Ligands can be classified according to the number of dative bonds that it forms with the central metal ion.
Mondentate ligand: Those that can form only one co-ordinate bond with a central metal ion (or atom).
Polydentate ligand: Those that bond through electron pairs on more than one donor atom.
Polydentate ligands are sometimes called chelating agents because of their ability to hold a metal ion like a claw. (like a crab's claw holding onto its victim [the metal ion] tightly)
Chelating ligands form stable complex ion with the central metal ion as the pincer-like grip of these polydentate ligands are able to hold the cation more securely. Eg. EDTA4- (you need to know how this ion looks like; refer to your lecture notes or chemistry textbook)
A complex is formed by a central ion ( or atom) dative-bonded by surrounding ions or molecules (known as ligands)
L --> M <-- L
A complex can be neutral, cationic or anionic.
In order to maintain charge neutrality in the compound, the complex ion is typically associated with other ion, called counter ions.
A typical transition metal complex compound: the complex is [Co(NH3)6]Cl3, the complex ion is [Co(NH3)6]3+, the six NH3 molecules bonded to the central Co3+ are ligands, and the three choride ions are counter ions.
You need to know how to name the complexes. Refer to your lecture notes but this is not highly important.
You need to know how to name the complexes. Refer to your lecture notes but this is not highly important.
Complex and electrolyte in solution.
Co-ordination number indicates the total number of dative bonds around the central atom or ion. The most common values are 2, 4 and 6.
Silver diamine compounds. [Ag(NH3)2]+ ions are used in carbonyl chemistry to oxidise aldehydes to carboxylate ions with the formation of a silver mirror or a silver precipitate.
Why are transition metal complexes often coloured?
Transition metal compounds are frequently coloured. This is due to the absorption of light in the visible region of the electromagnetic spectrum.
Crystal field theory:
In a free transition metal atom, all five orbitals have the same energy.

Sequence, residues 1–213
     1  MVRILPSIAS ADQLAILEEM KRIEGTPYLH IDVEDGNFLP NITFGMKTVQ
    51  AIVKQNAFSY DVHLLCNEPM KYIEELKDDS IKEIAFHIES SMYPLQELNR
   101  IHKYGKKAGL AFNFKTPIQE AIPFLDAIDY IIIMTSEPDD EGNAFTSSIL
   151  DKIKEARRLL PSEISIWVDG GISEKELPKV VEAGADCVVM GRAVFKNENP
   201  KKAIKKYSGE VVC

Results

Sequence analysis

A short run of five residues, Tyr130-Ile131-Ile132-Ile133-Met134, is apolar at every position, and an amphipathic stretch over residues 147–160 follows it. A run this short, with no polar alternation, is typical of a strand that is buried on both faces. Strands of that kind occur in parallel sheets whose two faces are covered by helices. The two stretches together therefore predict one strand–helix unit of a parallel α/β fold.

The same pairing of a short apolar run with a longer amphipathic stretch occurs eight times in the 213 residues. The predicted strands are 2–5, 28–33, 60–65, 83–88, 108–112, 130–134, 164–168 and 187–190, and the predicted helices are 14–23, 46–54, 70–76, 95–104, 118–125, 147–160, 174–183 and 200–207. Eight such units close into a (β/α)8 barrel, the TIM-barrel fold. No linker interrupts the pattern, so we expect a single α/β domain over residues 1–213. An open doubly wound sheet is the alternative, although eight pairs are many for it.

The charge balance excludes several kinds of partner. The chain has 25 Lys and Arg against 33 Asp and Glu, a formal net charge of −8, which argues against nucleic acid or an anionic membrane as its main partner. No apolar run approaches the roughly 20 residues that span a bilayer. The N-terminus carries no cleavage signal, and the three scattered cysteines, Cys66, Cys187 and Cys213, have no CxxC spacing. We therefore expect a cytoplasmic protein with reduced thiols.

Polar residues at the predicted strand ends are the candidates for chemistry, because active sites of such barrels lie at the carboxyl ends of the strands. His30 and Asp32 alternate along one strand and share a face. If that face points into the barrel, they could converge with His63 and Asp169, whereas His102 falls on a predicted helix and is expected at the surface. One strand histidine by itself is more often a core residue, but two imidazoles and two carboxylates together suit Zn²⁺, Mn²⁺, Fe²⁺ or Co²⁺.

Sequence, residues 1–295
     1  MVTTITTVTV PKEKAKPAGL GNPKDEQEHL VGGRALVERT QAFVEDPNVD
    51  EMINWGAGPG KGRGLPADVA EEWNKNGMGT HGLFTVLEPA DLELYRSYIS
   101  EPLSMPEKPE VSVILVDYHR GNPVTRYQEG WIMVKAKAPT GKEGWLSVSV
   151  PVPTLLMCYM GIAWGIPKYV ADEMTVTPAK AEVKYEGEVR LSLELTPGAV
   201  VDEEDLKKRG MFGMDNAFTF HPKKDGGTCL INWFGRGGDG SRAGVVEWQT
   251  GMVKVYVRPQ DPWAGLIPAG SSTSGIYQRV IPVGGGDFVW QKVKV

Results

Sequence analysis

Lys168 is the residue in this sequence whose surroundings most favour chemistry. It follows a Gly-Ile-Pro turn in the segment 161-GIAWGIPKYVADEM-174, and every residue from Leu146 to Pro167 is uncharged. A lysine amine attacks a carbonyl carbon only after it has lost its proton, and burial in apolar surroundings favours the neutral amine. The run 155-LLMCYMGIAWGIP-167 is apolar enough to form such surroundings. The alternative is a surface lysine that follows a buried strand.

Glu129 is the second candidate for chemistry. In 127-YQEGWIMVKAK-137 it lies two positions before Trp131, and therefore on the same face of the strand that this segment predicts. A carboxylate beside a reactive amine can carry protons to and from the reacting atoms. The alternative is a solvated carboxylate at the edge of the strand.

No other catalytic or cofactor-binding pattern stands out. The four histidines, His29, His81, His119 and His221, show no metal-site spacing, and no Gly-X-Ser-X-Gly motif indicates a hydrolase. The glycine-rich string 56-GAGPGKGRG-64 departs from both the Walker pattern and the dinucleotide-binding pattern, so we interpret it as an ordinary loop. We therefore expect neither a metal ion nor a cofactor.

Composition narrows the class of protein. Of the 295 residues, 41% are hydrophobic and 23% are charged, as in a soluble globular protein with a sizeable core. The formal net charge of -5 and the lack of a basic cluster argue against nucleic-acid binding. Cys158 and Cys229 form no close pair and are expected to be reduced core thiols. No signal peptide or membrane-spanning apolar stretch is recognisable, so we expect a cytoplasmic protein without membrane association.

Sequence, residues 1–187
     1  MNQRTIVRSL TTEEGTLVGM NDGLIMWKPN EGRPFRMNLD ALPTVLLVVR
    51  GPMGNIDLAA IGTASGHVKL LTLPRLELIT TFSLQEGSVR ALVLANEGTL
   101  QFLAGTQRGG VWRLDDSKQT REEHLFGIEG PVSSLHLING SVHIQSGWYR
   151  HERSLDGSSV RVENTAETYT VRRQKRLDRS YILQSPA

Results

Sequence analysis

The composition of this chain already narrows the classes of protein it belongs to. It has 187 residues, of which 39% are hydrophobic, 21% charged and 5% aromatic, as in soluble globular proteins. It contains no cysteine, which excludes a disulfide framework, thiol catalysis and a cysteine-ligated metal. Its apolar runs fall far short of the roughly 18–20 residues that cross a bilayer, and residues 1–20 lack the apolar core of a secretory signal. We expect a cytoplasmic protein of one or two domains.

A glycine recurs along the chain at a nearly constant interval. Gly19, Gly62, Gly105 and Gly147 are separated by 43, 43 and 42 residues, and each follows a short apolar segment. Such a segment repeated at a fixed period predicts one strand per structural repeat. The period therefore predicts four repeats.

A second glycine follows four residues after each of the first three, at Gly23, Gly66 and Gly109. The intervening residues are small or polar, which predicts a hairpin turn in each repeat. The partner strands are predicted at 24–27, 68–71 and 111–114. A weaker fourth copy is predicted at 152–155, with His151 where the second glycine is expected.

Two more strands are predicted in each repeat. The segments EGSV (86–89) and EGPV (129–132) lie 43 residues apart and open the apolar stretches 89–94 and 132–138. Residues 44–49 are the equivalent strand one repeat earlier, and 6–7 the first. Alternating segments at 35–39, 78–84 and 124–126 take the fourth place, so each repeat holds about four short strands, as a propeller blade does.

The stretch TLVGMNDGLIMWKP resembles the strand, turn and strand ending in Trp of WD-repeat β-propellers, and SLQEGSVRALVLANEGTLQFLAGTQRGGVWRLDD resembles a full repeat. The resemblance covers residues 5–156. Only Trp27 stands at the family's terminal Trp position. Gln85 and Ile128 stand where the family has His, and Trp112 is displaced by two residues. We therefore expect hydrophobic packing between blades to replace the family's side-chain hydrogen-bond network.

As the ligands approach the metal ion, their electron pairs repel electrons in the five d-orbital, causing all five d-orbitals increase in energy.
The ligands approach directly toward the lobes of the d x2 – y2 and d z2 orbitals but between the lobes of the d xy, d yz and d xz orbitals.
Energy of an electron in either the d x2 – y2 and d z2 orbitals is higher because of electrostatic repulsion.
There is an energy gap between them. Delta E.
Colours – low wavelengths – blue violet, green
High wavelength – red, orange.
d-d transition : Jumping of an electron to an higher energy orbital.
For most transition metal complexes, the delta E corresponds to energy in the visible energy region (400 TO 700 nm) of spectrum.
Why are Zn2+ ions non-coloured?
Nature of ligands
Different ligands have different effects on the splitting of the d-orbitals. The larger the splitting of energy levels, the shorter the wavelengths absorbed and the longer wavelength light is thus observed.
You need to know the Common transition metal compounds and their colours. IMPORTANT!
Haem --> O2 molecule , forms a dative bond with the iron to form a species called oxyhaemoglobin.
CO --> hame
To form carboxyhaemoglobin.
Why do transition metal ions show a high tendency to form complexes?
Is the formation of a complex a reaction between a Lewis acid and a Lewis base?
Shapes of complexes: You can use VSEPR model to predict the shape of the complexes. Common shapes are linear, tetrahedral, square planar and octahedral.
(Not covered in these notes) You need to know about complementary colors too and colors of transition metal complexes came out in A level exams in 2013.
You need to know strong field ligands and weak field ligands, factors affecting the color of transition metal complexes, ligand exchange and Kstab, effect of ligand exchange on Eo values (electrochemistry). For SPA, you need to know inorganic qualitative analysis.